Your head is a stereo receiver though - if you can hear the flyback transformer whine of an older TV or anything else with a high-pitched tone, you can achieve a cancellation of the (15kHz?) tone by subtly turning your head. There will be positions where your ears are receiving out-of-phase signals due to their differing distance from the single source.
This is the primary way we determine sound directionality, which is why panning techniques relying on delaying one side of a signal sound rather more realistic than simple attenuation of one side (panpot).
It also makes it more difficult to achieve a good null for human listeners with out of phase speakers - the listener must be oriented with the axis of their ears perfectly along the null line, and even then it's not as good as you'd get with a more point-like microphone.
• Oct 07 2008 | 8:51 am
> Now, they want to have two speakers playing standing waves (i.e. matched > frequencies) that cancel each other out. I understand how oppostie waves > would cancel each other out, but how does one produce matched frequencies > that would cancel each other out? Is it even possible. I'm guess that they > want two frequencies to be heard in one part of a room, and then have it not > heard in the other. Can it be done with any old sound? How would one > process a particular sound to have this effect. Is there a mathematical > formula that could be imposed in a patch?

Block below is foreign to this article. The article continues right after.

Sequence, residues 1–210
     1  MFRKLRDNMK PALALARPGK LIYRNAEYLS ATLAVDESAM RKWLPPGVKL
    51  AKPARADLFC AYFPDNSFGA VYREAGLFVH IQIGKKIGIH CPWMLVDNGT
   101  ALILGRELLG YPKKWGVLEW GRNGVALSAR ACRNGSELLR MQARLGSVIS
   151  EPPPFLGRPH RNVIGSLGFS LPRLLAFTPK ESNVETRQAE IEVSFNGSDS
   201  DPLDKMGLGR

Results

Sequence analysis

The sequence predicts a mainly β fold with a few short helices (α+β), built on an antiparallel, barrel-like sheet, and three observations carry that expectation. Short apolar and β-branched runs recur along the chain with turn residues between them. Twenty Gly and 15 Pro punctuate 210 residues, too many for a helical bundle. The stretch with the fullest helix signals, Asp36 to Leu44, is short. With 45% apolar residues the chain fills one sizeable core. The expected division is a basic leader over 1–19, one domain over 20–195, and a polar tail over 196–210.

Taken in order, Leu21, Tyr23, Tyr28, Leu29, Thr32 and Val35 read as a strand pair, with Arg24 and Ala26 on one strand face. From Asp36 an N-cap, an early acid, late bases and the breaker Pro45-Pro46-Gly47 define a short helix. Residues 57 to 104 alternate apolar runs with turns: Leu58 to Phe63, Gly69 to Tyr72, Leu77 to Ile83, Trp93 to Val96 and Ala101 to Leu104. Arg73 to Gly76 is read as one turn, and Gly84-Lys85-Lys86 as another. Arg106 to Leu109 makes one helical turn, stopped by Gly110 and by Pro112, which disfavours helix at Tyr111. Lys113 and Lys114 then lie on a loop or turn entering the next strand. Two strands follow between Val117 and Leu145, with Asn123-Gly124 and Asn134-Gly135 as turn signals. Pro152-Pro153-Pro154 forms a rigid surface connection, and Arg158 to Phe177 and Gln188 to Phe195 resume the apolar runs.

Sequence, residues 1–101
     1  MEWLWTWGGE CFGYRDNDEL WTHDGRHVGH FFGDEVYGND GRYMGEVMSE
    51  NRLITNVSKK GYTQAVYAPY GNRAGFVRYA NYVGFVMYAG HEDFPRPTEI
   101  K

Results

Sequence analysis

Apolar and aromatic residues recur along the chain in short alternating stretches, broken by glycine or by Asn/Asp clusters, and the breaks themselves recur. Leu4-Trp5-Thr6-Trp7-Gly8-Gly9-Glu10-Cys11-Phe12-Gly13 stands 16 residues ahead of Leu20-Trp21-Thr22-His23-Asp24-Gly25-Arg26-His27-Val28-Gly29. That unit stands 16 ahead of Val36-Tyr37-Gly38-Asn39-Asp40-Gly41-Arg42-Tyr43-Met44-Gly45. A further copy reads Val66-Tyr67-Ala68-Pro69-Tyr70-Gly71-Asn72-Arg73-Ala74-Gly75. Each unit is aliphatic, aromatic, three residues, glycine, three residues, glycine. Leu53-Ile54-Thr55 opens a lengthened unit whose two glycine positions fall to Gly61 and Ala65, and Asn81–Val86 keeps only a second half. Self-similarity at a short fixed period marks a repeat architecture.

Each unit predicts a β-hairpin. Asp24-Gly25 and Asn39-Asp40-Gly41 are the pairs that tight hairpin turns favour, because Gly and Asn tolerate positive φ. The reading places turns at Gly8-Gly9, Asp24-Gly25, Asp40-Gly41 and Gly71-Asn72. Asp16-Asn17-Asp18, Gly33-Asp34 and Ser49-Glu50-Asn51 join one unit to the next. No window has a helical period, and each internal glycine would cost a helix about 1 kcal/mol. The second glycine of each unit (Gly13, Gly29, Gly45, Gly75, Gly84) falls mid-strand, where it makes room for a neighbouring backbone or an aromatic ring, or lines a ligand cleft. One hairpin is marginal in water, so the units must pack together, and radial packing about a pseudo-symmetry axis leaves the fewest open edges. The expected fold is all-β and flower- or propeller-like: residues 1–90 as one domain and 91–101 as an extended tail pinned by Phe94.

If you're not already aware of it, you should check out La Monte Young's work - his 'Dreamhouse' music is entirely based on this principle (and has been for decades!). See his book 'Sound and Light' written with Marian Zazeela for detailed technical discussion of what he does and why...
But you don't need to do any processing to get the effect you're talking about. Use two sine-tones (low ones work well) and project one from each speaker - there will be areas in the room where they cancel, other areas where they reinforce and still other areas where they appear to produce extra tones that aren't either of the originals. Pointing the speakers at odd angles (for instance at the walls) and turning it up loud both help. Experiment with different interval sizes: Young concentrates on numerically simple frequency relationships, but dissonant intervals produce their own kind of effect.
In his Dreamhouse music, Young often uses several harmonic partials (3 - c. 20), projected from multiple-speaker systems: as the listener walks thru the space, different sets of tones cancel/reinforce each other, so what you hear depends greatly on where you are. Higher tones can also produce dizzying phase-differential effects so they appear to be panning wildly around the room (tho' of course, they're not actually moving at all).